The beginning of October my Maximilian’s Daisy (Helianthus maximiliani) was at peak
bloom. This sunflower, native to the Great Plains has bloomed reliably in my garden for a number of seasons and I don’t have plant it every year because it is perennial. In fact,
it increases in density every year giving me a prettier floral display than the previous year.
It has smaller flowers than most annual sunflowers and its flowers are arranged hollyhock style up and down the top 1/4 to 1/3 third of the stalk. The leaves are also smaller and narrower than most annual sunflowers but this plant is still in the same genus and all the other sunflowers.
The flowers are 3″ to 4″ in diameter with yellow rays and darker centers start to open in August. Flowering continues until the first frost in fall or sometime in October. This year the first frost to kill freeze these flowers didn’t come until about the third week in October.
Amazingly, it will do well in almost any garden condition from very dry to very wet. It is not picky about soil texture or pH either. However, you will want to give careful consideration when placing Maximilian’s daisy in your garden since it can reach 10 ft in height. It also spreads out but is not an aggressive invader.
A good place for Maximilian’s daisy is to plant it along fences to prop up sagging branches. In addition, when planted against a fence, the mass of flowers it produces is less likely to obscure some other features in your garden. Plant Maximilian’s daisy with tall grasses or for more color plant perennial blue salvia in front of them.
Maximilian’s daisy works great to control erosion on larger properties with erodible soils. The dense rhizomatous mass at the base of these sunflowers does an excellent job of holding soil in place.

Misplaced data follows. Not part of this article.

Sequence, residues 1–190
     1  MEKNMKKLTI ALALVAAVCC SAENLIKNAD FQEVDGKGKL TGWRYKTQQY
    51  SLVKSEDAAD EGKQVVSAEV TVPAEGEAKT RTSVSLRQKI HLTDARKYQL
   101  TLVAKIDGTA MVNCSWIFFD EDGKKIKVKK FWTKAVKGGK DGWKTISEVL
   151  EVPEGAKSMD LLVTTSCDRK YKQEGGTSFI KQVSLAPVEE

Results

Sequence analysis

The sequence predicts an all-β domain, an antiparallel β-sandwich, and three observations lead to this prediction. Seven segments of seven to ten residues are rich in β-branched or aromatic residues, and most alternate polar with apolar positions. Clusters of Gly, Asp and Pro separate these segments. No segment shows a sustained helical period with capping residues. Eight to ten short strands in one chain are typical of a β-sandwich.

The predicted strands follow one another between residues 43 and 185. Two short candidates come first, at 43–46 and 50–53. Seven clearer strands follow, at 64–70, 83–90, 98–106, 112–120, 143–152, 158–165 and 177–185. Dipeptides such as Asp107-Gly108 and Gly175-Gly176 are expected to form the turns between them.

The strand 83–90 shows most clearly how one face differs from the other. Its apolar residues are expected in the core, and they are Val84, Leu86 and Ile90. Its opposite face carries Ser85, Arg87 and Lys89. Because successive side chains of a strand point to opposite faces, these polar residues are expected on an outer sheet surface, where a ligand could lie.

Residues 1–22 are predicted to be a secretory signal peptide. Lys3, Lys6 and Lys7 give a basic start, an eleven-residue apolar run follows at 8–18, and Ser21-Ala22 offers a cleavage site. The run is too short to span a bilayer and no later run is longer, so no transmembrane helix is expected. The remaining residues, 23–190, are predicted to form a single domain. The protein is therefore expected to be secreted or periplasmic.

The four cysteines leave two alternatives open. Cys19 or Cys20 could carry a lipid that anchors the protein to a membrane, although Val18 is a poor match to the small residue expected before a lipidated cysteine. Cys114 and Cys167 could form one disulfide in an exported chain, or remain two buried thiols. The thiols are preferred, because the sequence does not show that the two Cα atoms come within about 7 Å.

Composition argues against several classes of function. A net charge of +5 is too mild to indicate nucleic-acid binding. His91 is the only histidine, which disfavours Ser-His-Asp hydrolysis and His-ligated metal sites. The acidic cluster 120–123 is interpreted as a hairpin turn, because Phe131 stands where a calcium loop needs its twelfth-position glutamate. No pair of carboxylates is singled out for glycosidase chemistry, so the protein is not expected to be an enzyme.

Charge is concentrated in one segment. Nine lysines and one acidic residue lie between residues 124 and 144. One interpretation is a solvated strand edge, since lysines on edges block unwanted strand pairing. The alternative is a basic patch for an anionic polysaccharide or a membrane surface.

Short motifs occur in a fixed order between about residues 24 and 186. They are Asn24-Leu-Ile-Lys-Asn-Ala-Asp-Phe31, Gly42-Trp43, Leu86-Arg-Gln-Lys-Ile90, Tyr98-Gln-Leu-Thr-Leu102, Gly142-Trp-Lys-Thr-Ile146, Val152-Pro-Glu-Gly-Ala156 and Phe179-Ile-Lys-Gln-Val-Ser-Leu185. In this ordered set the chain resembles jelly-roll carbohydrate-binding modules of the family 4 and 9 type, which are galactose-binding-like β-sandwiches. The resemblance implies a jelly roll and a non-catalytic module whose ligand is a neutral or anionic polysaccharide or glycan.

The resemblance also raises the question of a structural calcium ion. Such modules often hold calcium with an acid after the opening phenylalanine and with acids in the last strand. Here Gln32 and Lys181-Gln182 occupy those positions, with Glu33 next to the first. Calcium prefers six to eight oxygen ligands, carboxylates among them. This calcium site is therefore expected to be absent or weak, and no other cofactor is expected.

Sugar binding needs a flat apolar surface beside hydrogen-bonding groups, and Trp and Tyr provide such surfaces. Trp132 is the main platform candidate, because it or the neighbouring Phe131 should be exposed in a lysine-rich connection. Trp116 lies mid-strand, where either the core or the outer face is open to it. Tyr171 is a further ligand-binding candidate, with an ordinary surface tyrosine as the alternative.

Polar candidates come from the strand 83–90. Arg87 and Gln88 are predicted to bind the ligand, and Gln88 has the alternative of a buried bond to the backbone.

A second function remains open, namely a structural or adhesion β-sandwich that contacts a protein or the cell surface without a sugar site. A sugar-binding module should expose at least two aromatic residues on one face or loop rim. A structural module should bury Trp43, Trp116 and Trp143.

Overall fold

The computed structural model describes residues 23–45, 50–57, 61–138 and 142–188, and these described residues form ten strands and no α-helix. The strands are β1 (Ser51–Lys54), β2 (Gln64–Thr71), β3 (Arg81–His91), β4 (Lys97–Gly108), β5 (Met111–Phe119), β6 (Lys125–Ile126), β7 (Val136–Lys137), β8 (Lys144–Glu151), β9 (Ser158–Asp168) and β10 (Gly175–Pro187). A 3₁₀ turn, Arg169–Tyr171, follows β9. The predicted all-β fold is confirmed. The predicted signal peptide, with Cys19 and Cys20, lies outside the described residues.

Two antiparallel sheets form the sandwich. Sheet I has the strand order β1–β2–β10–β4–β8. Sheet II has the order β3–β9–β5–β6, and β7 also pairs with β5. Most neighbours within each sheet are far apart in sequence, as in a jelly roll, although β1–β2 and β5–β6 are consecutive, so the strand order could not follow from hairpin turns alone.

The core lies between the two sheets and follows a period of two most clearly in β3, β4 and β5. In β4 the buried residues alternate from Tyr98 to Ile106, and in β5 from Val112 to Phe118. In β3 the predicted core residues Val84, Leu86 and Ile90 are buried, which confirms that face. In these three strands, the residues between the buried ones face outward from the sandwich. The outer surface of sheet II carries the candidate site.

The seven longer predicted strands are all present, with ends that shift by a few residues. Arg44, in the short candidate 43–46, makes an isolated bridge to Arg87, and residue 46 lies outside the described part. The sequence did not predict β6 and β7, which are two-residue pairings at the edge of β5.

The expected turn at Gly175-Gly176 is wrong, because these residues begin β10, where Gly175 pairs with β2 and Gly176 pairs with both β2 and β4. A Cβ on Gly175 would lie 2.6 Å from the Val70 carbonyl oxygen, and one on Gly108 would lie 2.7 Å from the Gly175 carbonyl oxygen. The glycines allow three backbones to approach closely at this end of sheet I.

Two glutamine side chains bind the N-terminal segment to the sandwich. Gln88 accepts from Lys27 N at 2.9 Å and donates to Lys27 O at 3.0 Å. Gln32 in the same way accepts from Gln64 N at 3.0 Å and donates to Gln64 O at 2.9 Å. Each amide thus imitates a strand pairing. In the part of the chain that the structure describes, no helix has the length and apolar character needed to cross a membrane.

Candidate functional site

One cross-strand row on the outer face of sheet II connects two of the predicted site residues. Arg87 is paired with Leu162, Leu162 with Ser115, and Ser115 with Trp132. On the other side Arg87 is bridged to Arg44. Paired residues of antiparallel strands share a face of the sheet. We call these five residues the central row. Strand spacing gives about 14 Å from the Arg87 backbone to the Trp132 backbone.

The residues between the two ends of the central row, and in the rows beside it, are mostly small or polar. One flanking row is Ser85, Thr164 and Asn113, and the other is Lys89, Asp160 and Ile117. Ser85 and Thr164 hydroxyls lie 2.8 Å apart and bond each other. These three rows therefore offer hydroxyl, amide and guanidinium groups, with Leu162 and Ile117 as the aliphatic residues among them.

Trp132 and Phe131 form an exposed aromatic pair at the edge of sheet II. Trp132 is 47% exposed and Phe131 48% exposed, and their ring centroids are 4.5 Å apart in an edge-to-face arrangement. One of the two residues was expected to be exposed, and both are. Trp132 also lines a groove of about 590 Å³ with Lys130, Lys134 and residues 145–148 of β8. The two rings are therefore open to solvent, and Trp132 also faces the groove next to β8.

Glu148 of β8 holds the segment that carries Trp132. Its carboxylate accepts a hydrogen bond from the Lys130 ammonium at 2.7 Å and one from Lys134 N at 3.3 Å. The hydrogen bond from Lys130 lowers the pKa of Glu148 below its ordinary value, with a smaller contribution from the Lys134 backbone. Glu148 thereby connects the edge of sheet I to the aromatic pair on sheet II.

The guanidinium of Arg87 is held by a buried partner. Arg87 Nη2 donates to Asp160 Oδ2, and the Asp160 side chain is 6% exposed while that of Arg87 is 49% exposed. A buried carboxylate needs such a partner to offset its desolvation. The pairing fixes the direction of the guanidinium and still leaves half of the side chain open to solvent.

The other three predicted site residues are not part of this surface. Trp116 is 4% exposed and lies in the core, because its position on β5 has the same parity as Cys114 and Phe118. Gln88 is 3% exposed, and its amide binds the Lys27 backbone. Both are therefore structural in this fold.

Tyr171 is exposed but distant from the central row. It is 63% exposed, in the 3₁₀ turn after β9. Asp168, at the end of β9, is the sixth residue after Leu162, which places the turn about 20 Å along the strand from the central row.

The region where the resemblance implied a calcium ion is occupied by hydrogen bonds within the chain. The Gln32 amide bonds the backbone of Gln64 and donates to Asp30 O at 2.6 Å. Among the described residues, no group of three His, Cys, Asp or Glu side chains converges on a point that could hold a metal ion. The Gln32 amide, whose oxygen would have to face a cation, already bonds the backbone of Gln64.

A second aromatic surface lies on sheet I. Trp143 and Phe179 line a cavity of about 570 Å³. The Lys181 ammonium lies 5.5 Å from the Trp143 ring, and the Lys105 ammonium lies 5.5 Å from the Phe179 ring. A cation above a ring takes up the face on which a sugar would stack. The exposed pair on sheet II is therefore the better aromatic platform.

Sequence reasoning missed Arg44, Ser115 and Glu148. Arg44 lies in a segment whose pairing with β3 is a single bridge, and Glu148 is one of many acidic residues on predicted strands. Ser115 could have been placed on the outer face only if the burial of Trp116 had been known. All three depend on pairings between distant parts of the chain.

If you want to attract wildlife to your yard, Maximilian’s daisy will do that as well. The seeds are a magnet for goldfinches in the fall. Monarch butterflies feed on the nectars produced by this sunflower. Deer will also graze this plant but only in the late fall when other types of forage are no longer green and the stalks of this daisy are still green. However, the deer do little damage to this plant since next year the new shoots will sprout undamaged by deer and probably remain so until late in the season.
You can purchase seed of Maximilian’s daisy from many native seed companies and even a few companies that don’t specialize in native seeds. Seeds of Maximilian’s daisy doesn’t as easily as annual sunflowers but still will germinate without any treatment. I usually germinate my Maximilian’s daisies in my greenhouse and transplant them to the garden in spring.
Once Maximilian’s daisy has germinated, it becomes an easy plant to establish and maintain. Some of the newly established plants will bloom the first summer but otherwise, it takes a second year of growth to see many flowers on this sunflower. As the years go by the number of stalks from a single plant will increase every year and you will have a mass of sunflowers from one plant. Some seed will also germinate from spent flowers in previous years.
Maximilian’s Daisy does not require a lot of water but more water will increase the height the plant. If you live in the arid western United States, expect to water Maximilian’s Daisy deeply at least once a week. Other regions of the country may not need to water this plant. If planted in a location with an abundance of soil moisture, Maximilian’s daisy stalks will likely grow to be 10 ft plus and need staking.
In winter, cut the dry stalks down to make way for new shoots. New stalks will spring from the clump of rhizomes at the base of the dead stalks.
Not many pests ruin your display of Maximilian Daisies and they will come up year after year with no effort on your part.